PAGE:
Hospital loses property tax court case; judge says facility does not meet non-profit status

From NJ:

Morristown Medical Center should pay property taxes on virtually all of its 40-acre property in town, a tax court judge ruled Friday in a decision closely watched by other hospitals across New Jersey.

Tax Court Judge Vito Bianco ruled that the hospital failed to meet the legal test that it operated as a non-profit, charitable organization for the tax years 2006 through 2008. Only the auditorium, fitness center and the visitors’ garage should not be assessed for property taxes, he said.

A deeper dive into the OIG’s kickback alert: Should physicians be worried?

From Becker’s:

In early June, HHS’ Office of the Inspector General issued a fraud alert addressing physician compensation arrangements. Although the alert merely underscored current law, physicians should take notice of the government’s warning.

The fraud alert warned that physicians must be careful when entering into compensation arrangements, including medical directorships. “Although many compensation arrangements are legitimate, a compensation arrangement may violate the Anti-Kickback Statute if even one purpose of the arrangement is to compensate a physician for his or her past or future referrals of federal healthcare program business,” the OIG stated.

Opinion: ER alternative won’t improve care for community that needs it

From Crain’s:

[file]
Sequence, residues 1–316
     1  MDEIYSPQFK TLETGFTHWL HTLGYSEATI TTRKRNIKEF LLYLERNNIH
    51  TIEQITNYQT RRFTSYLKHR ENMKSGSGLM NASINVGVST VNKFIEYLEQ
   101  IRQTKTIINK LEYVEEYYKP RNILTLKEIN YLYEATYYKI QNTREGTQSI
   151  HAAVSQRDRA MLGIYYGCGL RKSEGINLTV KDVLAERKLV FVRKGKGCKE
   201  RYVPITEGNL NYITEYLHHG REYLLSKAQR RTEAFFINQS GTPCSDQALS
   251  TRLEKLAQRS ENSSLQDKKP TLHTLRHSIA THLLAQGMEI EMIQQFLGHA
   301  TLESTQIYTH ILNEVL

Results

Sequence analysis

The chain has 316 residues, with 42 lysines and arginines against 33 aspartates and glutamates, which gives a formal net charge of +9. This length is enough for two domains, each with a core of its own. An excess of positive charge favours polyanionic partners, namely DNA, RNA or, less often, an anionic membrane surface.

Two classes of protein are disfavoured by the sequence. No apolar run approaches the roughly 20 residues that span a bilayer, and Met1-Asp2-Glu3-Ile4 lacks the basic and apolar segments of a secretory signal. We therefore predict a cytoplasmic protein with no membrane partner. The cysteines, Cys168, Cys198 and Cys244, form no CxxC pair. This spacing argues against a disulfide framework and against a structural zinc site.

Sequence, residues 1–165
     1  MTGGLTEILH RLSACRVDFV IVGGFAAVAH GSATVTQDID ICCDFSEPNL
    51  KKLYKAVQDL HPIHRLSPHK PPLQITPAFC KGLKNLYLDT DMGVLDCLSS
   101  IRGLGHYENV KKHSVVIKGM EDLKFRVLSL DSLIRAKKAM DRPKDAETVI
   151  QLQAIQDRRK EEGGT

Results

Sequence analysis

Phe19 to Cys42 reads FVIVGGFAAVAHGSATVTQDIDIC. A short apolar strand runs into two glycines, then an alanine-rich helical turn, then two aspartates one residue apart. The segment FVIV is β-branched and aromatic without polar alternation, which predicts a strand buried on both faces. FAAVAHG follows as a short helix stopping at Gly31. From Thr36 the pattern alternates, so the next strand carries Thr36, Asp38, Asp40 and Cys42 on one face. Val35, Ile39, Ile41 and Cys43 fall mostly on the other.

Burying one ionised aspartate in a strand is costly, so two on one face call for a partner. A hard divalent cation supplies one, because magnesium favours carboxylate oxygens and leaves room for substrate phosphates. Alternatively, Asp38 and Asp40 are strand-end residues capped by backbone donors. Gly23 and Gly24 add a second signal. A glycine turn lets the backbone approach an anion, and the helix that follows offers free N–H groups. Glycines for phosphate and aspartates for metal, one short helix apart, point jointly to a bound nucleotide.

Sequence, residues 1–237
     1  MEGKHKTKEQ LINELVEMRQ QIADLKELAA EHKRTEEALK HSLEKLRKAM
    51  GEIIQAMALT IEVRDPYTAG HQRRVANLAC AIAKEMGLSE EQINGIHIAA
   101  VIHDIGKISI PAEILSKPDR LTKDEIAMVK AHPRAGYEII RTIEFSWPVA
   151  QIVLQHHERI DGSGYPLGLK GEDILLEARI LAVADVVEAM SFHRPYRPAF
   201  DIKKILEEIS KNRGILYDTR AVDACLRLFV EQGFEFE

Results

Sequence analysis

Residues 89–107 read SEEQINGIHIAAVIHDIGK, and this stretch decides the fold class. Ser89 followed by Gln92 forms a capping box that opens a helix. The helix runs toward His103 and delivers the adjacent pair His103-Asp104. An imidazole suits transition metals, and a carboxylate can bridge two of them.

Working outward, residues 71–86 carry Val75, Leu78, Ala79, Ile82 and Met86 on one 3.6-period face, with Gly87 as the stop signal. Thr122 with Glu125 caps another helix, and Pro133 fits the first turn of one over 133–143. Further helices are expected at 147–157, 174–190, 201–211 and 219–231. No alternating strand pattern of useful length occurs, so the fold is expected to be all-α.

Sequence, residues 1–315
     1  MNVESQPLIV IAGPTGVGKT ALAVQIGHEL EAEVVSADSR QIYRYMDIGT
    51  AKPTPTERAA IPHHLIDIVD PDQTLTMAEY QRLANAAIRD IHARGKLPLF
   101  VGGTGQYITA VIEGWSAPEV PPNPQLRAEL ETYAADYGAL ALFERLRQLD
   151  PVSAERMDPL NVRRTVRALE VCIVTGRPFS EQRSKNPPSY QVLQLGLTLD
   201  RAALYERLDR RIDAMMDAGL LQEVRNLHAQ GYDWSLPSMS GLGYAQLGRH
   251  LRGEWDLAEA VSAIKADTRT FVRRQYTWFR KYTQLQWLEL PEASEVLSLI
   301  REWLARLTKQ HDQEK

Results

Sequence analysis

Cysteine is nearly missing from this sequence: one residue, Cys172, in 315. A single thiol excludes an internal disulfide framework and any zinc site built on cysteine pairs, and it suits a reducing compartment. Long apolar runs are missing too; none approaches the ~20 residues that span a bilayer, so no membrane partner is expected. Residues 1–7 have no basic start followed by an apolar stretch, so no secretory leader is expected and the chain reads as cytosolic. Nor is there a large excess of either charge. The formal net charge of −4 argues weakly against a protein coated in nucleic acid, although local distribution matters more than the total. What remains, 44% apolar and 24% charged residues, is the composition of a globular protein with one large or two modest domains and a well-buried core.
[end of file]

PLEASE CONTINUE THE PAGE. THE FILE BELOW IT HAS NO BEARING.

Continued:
A freestanding emergency center at the former site of Sacred Heart Hospital on the West Side wouldn’t improve access to care or reduce cost, as Elyse Forkosh Cutler says in a recent opinion piece. On the contrary, it would have a significant adverse effect on the quality and safety of health care for this community. Such a for-profit business would not be owned or operated by an existing hospital.

Ms. Cutler does not address the inability of a stand-alone FEC to provide the comprehensive health services required to appropriately care for patients in an emergency department setting. Hospital EDs integrate vital patient care services that would be unavailable under the proposed model, including cardiac catheterization, stroke, obstetrics and other specialty care services for which time is of the essence.

Two injured after boy starts engine of Mayo helicopter at Mankato air show

From the News Tribune (hat tip: Mike)

A boy about 6 years old climbed into an unoccupied Mayo Clinic helicopter at an air show near Mankato and fired up the engine, setting off a tense scene on the tarmac until a worker removed the child and shut off the chopper, a witness said Monday.